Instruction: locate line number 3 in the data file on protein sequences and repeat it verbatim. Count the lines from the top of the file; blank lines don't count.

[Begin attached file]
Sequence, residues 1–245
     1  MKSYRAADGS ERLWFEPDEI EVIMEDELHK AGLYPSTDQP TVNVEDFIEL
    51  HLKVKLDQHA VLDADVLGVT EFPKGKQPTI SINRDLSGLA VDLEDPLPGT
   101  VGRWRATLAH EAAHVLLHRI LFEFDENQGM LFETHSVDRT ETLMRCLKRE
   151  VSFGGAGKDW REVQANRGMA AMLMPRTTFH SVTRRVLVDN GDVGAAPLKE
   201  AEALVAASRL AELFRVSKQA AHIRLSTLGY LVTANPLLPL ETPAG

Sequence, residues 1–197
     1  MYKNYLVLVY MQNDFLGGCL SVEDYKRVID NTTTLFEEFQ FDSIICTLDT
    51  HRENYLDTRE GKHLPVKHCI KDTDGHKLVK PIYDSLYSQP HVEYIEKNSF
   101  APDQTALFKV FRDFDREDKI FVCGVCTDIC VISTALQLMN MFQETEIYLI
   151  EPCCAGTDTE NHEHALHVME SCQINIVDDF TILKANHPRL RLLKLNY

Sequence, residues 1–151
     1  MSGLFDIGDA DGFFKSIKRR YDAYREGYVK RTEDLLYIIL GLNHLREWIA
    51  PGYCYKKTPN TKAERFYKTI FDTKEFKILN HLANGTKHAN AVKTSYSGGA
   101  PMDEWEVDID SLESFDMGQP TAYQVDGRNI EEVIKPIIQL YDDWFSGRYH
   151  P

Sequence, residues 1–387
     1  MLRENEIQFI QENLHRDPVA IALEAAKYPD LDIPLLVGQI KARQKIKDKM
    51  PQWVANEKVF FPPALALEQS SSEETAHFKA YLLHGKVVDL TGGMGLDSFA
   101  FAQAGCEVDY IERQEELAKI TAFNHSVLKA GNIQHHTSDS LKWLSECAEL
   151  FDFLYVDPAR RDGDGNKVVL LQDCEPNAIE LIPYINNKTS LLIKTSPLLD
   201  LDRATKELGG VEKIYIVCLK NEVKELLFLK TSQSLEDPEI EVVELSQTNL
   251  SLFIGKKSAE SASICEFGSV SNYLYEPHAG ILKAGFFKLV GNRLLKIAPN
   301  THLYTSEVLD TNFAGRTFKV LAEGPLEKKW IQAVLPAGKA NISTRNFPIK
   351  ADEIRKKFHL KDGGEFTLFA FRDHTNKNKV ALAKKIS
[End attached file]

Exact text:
    51  HLKVKLDQHA VLDADVLGVT EFPKGKQPTI SINRDLSGLA VDLEDPLPGT